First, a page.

One of the problems of any change in format is what to do with the back catalogue, and HDR is a problem for broadcasters, partly because no one saw it coming.
While there’s still an uplift in cost associated with mastering in HDR, since doing so is largely tied to shooting 4K and therefore there’s a knock in post production time and storage, TV execs are becoming increasingly interested in the possibility of converting existing footage to a HDR signal with higher brightness and richer colours. Indeed, it might not be too far into the future where they might have to, as HDR set peneration becomes the norm.
A solution to doing just this has been developed by French research lab bcom, (which styles itself b<>com) and is uniquely claimed to be able to do it in real-time while preserving the artistic intent. It's [SDR-to-HDR] is aimed at broadcasters who want to mix SDR to HDR live sources and convert legacy content to HDR. It is also intended for live playout of SDR interstitials in an HDR programme and up-conversion of legacy channels to HDR.
The bcom technology is based on an algorithm which makes smart use of the target display’s high dynamic range while preserving the original style of the source SDR video. The resulting HDR file is packaged for broadcast with the two main HDR standards — Hybrid Log Gamma (HLG) and Perceptual Quantizer (PQ).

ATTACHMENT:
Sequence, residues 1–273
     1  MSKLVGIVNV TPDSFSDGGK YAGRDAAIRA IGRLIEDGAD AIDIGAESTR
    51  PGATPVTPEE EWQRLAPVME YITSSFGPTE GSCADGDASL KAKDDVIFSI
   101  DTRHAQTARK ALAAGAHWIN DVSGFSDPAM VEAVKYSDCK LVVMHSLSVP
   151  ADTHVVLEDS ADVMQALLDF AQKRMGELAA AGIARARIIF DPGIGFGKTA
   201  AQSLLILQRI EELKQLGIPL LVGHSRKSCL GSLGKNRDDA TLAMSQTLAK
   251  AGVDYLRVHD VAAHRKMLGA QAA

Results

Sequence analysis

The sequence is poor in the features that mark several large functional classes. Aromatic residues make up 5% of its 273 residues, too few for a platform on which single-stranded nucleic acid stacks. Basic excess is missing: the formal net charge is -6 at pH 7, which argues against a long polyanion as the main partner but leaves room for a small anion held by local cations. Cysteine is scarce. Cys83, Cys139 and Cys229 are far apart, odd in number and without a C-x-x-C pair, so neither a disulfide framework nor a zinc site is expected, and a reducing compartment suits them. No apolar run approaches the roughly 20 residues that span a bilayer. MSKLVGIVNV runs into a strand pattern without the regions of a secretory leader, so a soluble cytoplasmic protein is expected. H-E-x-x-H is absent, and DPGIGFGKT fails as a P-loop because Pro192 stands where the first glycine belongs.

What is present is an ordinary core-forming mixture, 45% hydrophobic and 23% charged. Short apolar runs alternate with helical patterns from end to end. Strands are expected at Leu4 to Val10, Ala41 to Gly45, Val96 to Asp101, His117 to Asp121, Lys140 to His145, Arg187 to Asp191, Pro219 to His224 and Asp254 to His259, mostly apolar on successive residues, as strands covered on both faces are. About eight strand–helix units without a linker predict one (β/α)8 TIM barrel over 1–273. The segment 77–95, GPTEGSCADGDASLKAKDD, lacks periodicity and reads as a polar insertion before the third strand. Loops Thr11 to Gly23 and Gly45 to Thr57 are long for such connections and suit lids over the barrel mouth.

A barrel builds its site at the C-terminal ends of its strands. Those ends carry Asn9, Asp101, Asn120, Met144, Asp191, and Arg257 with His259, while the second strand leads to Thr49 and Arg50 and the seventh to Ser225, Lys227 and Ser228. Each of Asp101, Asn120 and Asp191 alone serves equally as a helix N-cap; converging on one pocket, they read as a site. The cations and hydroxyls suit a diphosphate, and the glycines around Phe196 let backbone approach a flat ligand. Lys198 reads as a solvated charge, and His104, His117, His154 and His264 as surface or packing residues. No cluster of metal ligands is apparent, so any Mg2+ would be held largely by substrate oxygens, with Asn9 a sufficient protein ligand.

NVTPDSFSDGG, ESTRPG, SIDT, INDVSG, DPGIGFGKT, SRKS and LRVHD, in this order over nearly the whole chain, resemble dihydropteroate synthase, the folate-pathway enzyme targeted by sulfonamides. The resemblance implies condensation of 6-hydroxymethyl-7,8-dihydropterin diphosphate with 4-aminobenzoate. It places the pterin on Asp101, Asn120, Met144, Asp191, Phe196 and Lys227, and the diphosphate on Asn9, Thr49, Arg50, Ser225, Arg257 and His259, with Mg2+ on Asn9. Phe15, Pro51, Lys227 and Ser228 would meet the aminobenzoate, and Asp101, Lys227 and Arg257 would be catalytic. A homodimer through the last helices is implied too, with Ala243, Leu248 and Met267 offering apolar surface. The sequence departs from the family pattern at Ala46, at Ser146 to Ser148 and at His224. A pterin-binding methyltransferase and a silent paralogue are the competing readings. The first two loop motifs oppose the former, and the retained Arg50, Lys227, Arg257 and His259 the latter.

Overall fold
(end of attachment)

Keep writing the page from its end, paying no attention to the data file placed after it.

Although HDR is recognised as increasing the contrast, colour saturation and feeling of depth in HD and UHD images, little content is being produced in HDR and therefore available for distribution. At the same time, the number of screens in people’s homes which are HDR-compatible is on the increase as the function is now a de facto feature of all new TV sets.
While not miraculously able to summon more pixels or information from SDR footage, bcom’s algorithm is able to boost the brightness (luminance) of SDR so that it will display better on TVs which are capable of illuminating up to 1000 nits and beyond.
Broadcasters may look favourably on a technology that enables them to remaster any colour programme — or film — and breath new life into the archive by offering it on an HDR-channel or for a little extra fee on VOD.
Since a prototype went on show at IBC2016 and at NAB in April — where it picked up the Technology Innovation Award — the technology has been implemented on a FPGA. This is where the real-time capability comes in as on a PC, the conversion of one minute of footage from SDR to HDR using the system takes over three minutes. Meanwhile, bcom has also been developing a cloud-based software-as-a-service version using Linux technology to scale the process up.
Other possibilities, such as a real-time converter attached to an existing SDR-camera or simply licensing out the IP are also being considered according to tech website Ars Technica.